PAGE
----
that’s what you had spent 10 years making sacrifices to do. And so as a family,
as a unit, we’ve gotten behind both the kids and said, we’ll help you with
this, but now, I mean, you have to help us someday.

Mike Domitrz:                   Oh,
that’s beautiful. Curious, did they ask ever what that meant? They said at
someday you’re going to have to help us.

Thom Singer:                     No,
but I’ve nicknamed them retirement plan. No, I mean, they get the idea that, I
mean it’s not like we’re broke, we have some money, but we may not be able to
take nice trips when we’re retired and maybe if they’re wealthy they’re going
to have to find a way to do that, or maybe at some point they’re going to have
to live close to them and they’re going to have to provide some assistance if
we can’t, it’s not unlimited funds. That that’s what being part of a family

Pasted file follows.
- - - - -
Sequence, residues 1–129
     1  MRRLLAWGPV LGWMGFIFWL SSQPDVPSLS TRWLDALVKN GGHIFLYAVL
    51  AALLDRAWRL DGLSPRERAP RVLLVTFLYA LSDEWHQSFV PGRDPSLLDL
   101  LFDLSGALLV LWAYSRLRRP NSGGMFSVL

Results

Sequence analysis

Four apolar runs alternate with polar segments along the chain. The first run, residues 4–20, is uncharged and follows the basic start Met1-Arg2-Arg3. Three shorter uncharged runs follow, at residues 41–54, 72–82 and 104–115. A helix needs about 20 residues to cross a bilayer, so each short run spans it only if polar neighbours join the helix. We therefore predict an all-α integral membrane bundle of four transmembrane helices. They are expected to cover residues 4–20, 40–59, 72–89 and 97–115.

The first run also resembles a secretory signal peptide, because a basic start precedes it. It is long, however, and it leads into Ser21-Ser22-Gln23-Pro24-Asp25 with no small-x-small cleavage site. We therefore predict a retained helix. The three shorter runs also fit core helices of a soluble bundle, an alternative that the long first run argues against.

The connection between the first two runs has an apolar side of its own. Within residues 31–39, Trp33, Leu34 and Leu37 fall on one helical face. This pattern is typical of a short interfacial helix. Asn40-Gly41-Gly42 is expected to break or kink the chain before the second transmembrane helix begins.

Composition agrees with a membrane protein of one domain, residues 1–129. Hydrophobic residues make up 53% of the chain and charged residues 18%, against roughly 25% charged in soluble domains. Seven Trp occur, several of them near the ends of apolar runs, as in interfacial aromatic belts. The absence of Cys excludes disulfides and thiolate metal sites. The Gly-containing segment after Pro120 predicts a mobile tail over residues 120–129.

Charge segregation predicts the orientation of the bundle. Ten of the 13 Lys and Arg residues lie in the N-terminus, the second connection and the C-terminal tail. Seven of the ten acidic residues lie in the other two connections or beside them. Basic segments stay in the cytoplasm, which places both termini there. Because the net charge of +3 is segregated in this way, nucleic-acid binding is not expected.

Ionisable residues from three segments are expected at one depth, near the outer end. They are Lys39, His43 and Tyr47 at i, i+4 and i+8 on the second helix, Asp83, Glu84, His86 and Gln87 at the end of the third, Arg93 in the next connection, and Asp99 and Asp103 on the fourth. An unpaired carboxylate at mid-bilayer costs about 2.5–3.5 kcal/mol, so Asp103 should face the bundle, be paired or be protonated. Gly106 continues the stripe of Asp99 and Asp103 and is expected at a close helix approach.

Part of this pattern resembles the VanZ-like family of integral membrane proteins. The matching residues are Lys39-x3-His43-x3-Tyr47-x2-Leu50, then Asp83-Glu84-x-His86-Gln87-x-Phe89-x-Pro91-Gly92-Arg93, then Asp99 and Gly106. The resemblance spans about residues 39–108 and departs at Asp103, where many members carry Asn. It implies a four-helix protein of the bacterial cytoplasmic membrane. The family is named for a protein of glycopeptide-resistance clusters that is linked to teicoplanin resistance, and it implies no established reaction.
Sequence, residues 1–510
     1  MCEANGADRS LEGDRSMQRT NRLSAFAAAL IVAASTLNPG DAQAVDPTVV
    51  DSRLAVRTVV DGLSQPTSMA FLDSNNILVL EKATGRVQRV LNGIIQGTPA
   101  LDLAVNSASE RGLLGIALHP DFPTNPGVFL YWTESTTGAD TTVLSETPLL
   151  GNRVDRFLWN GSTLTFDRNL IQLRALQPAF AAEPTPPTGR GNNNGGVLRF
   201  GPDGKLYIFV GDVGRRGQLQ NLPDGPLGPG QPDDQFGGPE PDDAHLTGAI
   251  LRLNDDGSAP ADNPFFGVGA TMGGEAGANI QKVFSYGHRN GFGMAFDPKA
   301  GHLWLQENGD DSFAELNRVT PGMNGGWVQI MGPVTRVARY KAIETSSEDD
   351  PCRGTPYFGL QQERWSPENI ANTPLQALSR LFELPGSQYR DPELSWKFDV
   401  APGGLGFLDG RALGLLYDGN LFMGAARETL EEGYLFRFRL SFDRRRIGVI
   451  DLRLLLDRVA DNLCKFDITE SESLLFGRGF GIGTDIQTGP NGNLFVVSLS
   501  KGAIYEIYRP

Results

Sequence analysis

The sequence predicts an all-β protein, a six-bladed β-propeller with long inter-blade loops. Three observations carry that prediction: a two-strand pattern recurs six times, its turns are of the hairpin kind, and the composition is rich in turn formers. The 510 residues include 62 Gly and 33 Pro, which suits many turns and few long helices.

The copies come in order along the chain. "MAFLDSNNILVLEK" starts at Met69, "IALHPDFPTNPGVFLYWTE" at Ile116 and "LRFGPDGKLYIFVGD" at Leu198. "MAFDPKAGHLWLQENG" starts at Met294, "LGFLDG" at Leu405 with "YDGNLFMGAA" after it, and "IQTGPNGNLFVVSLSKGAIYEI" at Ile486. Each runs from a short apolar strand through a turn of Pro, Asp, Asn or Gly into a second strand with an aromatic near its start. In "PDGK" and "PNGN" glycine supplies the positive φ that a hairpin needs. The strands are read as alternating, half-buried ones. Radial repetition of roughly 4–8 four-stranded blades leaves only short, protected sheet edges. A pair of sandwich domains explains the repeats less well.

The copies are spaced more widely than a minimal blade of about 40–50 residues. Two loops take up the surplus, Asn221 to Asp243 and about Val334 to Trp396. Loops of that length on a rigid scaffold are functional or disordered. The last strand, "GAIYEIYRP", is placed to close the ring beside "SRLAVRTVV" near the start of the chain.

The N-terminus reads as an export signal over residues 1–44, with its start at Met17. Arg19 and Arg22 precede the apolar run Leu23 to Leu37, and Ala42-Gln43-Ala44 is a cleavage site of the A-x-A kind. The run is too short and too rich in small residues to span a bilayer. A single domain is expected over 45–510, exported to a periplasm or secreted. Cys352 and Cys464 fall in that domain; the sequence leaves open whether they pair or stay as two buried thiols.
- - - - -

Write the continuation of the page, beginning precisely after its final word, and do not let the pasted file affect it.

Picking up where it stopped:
unit is all about.

Thom Singer:                     When
when my dad, who was older when I was born and sort of raised me with the fact
that when I was a teenager something could happen to him, he never expected
something would happen to my mother, his parents had died younger and hers had
lived longer, so this was not the prediction. After she died, he said,
“I’m sorry.” I was 18. He was 70. He said, “You might’ve gotten
the short end of the stick. I don’t know how long I’m going to be around.”
Well, he just passed away a few years ago at the age of 99. My father ended up
living quite a long time, but in the last five years we moved him into a
retirement village down the street from one of my brothers. All of us, but
especially that one brother, sort of stepped up and taking care of things that
he needed. That was part of being a family unit.

Thom Singer:                     When
he finally did pass, I remember sending my brother a letter, gosh I’m getting
teary eyed about it, sending my brother a letter saying thank you for all you
did for dad. His response was, you did it for mom. Nobody ever looked at it as
anything other than what a family unit does.

Mike Domitrz:                   Thank
you for sharing Thom. The beauty of that is everything you just shared is about